4. The contested provisions have failed to safeguard the integrity and confidentiality of the retained data and to prevent access through (non-state) third parties. The Court opines that such safeguards are mandated by the enormous development and emergence of new and more complex information technologies and communications systems that inevitably blur the boundaries between private and public space.
5. The contested provisions have failed to provide for the destruction of the data following the retention period. The contested provisions have further failed to provide for responsibilities of and sanctions against the public authorities in case of abuse of the retained data as well as for the possibility of individuals to seek for effective relief against such abuse.

In light of the above, the Court found the contested provisions violating constitutional limits and hence unconstitutional. Besides, the Court expressed also some doubts as to the constitutionality of s. 88a of the Czech Criminal Code and urged the lawmakers to either derogate said section or provide for its constitutional compliance.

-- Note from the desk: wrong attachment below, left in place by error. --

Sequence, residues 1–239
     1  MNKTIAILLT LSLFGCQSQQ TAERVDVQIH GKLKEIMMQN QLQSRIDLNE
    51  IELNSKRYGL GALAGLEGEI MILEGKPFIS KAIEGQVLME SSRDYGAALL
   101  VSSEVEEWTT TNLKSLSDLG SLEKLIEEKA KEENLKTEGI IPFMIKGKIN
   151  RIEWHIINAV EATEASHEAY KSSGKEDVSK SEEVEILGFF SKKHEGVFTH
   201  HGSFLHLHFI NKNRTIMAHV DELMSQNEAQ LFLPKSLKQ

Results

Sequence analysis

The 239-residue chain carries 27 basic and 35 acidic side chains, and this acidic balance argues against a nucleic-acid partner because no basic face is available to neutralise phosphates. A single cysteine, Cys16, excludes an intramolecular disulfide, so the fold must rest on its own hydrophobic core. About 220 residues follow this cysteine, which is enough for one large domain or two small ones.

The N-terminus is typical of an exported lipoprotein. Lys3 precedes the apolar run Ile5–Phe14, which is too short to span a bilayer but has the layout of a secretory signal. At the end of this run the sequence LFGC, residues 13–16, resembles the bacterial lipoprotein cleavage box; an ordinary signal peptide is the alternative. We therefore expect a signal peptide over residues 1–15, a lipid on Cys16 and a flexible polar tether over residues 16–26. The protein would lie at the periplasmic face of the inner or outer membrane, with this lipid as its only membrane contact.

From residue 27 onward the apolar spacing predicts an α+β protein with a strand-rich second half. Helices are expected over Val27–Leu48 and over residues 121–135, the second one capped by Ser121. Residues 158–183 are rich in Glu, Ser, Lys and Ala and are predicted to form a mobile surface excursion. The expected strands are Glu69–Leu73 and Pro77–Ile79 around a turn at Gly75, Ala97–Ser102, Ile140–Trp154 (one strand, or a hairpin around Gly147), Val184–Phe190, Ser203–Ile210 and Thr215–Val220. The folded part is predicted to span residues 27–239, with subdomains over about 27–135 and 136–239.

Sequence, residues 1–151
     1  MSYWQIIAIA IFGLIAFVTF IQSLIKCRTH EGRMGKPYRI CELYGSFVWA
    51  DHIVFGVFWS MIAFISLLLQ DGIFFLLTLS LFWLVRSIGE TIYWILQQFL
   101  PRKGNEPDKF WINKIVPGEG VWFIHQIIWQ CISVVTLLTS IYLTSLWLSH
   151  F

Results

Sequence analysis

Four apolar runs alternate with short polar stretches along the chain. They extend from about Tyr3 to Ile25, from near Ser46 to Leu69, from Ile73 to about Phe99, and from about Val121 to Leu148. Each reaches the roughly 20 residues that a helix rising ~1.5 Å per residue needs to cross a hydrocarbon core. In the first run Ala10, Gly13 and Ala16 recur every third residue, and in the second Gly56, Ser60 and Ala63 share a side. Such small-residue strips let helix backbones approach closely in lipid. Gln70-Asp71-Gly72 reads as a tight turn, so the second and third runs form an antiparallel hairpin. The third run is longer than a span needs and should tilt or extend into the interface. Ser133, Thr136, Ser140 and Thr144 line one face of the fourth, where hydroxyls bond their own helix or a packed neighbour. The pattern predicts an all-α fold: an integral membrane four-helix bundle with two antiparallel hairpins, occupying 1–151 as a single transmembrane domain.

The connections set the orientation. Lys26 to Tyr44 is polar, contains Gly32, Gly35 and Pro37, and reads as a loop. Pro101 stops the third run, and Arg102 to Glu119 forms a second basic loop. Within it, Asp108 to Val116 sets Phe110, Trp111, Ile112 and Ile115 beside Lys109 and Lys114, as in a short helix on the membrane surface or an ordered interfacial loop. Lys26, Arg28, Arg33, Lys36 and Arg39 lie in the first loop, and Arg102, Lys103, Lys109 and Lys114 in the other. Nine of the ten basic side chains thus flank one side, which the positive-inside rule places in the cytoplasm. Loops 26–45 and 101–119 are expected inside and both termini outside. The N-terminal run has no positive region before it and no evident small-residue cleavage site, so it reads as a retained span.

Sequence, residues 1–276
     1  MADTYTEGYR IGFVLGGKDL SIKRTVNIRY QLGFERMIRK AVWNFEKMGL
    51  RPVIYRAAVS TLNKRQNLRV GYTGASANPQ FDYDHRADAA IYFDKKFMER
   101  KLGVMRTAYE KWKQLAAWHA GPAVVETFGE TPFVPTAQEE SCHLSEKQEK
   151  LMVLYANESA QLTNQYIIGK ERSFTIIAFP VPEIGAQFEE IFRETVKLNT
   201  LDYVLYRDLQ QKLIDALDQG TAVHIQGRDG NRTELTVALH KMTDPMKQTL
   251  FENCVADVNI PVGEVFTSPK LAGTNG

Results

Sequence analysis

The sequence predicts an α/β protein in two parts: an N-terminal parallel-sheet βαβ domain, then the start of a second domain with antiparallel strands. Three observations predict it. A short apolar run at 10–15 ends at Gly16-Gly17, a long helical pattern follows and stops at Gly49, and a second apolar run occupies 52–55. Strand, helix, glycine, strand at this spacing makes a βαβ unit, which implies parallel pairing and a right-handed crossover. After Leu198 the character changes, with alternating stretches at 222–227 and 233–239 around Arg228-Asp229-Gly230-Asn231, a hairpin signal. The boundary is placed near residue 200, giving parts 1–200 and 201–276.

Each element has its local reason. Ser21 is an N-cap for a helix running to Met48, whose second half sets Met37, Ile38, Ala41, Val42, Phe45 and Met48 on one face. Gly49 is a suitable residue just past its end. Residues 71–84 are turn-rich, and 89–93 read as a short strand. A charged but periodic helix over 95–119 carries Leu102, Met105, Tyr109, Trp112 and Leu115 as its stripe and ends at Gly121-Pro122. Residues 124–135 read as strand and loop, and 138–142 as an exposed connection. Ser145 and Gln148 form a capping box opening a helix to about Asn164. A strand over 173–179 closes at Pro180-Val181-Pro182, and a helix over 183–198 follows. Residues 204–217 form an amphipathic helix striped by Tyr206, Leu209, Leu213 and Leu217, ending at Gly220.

So, three cheers to the Czechs and their Constitutional Court!

Skydiver with Czech flag

photo © 2010 Ivan Pik | more info (via: Wylio)

 

Conclusion

The decision of the Czech Constitutional Court goes in a clear confrontation with the legislature.
It is the first decision in a EU member state to criticise the lack of responsibilities in dealings with retained data and to demand sanctions for negligence and misuse.
Unlike the decisions in Romania and Germany, it does not deliver  guidance as to how lawmakers should repair the contested provisions in order to achieve constitutional compliance.